During the first week of April a little over three years ago, my wife talked me into visiting the touring reproduction of the Vietnam War Memorial: The "Wall". She, herself, had already visited the real monument in Washington, DC, but she knew that — despite the fact that I had served two and a half years in Vietnam — I had not; so she thought that it might be nice for us to finally visit the touring “Wall” display together. I agreed to make the trip, but under protest: I have to admit that I have always had mixed feelings about “war” memorials. Unlike a military cemetery or the site of a former battlefield — I still get a lump in my throat when I see pictures of Arlington or of one of the American cemeteries at Normandy or Lorraine, in France — most of these types of monuments have always struck me as being more like “guilty” afterthoughts than anything else. Too often the statues or marble structures that are erected, usually long after the events that they commemorate, actually seem to say more about their well-intentioned builders than they do about those being memorialized. Nonetheless, because I still value my wife’s good opinion of me, I finally agreed to make the trip; so, on a sunny, windy Saturday morning in 2009, the two of us drove all the way out to Buckeye, Arizona, to pay a visit to the touring facsimile of the “Wall”.
|U.S. WWII Cemetery, Normandy, France.|
|Arlington National Cemetery|
|U.S. WWII Cemetery, Lorraine, Normandy, France.|
|Gettysburg National Cemetery, Pennsylvania|
In the end, I and the wonderful, helpful people who volunteer with the monument tour all tried our best to identify at least a couple of individuals from a number of young men that I had known who had been killed in various operations from “Davy Crockett” to the “Tet” Offensive. Guilt is a powerful rebuke, and it had suddenly become strangely important to me that I at least make a serious effort to do this. Thus, melancholy though my and my helpers' task may, looking back, now appear to an outsider, it nonetheless imbued my spur-of-the-moment project and its outcome with an emotional intensity that I have rarely felt before or since. And, more importantly, my and the "Wall" volunteers' labors were not completely fruitless.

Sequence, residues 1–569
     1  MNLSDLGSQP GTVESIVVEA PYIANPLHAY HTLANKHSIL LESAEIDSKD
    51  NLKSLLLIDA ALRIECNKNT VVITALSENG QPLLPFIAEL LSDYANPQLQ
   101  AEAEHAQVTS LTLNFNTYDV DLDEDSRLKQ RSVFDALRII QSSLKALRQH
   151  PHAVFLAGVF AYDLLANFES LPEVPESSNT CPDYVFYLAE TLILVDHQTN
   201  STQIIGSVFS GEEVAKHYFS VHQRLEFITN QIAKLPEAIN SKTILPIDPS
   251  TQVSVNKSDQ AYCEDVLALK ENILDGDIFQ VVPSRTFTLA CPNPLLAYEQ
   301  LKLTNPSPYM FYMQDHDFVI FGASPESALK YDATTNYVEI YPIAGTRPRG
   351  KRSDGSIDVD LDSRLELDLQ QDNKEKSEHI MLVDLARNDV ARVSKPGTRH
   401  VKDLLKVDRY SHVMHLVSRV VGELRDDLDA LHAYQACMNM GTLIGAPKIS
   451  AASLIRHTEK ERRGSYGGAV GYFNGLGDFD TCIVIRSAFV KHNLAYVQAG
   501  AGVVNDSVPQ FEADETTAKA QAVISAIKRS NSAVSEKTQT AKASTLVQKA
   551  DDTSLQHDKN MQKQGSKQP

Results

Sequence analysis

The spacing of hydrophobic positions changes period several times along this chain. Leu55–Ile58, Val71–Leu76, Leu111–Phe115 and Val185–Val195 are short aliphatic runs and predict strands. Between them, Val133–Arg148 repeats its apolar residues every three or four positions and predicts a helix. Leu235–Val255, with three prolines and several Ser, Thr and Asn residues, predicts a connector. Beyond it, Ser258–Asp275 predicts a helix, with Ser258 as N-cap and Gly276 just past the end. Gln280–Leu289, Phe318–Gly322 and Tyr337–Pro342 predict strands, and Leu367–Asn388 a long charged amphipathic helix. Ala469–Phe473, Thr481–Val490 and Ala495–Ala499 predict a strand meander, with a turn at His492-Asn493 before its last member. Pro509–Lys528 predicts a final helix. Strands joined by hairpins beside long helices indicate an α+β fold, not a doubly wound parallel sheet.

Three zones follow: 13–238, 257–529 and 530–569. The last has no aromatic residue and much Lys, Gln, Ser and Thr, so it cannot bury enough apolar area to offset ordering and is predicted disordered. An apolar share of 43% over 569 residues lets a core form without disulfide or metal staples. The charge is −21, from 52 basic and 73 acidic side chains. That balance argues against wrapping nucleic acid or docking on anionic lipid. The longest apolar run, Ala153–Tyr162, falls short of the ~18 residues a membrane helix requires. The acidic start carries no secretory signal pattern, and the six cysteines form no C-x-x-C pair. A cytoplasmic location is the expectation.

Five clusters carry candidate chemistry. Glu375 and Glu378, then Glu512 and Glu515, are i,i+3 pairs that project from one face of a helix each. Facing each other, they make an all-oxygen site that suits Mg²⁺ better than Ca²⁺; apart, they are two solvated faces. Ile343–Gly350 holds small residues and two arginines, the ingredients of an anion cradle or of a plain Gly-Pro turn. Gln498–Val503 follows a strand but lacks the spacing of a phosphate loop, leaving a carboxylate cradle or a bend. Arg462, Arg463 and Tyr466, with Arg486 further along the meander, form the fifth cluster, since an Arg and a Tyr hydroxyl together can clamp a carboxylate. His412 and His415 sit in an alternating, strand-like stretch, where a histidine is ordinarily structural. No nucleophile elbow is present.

The two young marines memorialized at the start of this essay — one forever 18 and the other 22, who died so many years ago in Vietnam — may or may not be the men I knew when I was a young soldier, I will never be truly sure. But what I do know is that even if they are not, they still deserve to be honored on Memorial Day by someone, and I am proud for that someone to be me. It took a long time for me, personally, but having finally visited the “Wall,” I also now know something else: I realize, at last, that if we who served with those whose names are inscribed on that gleaming black marble do not make the conscious (and sometimes painful) effort to remember those who fell in Vietnam so long ago, then who among us will?
May you, my readers, and those you care about, all have an enjoyable and safe Memorial Day holiday. And may those who wear our country’s uniform and who daily go into harm’s way, in dangerous, far-off places, also have a safe Memorial Day!